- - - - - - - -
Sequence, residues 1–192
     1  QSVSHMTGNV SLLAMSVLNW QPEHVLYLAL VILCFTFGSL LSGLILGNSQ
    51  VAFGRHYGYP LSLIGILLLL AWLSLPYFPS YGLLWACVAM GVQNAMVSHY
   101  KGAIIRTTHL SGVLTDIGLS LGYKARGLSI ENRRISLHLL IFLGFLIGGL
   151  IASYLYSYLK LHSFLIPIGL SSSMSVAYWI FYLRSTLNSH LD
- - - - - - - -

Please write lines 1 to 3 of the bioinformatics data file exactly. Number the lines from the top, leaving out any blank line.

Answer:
Sequence, residues 1–192
     1  QSVSHMTGNV SLLAMSVLNW QPEHVLYLAL VILCFTFGSL LSGLILGNSQ
    51  VAFGRHYGYP LSLIGILLLL AWLSLPYFPS YGLLWACVAM GVQNAMVSHY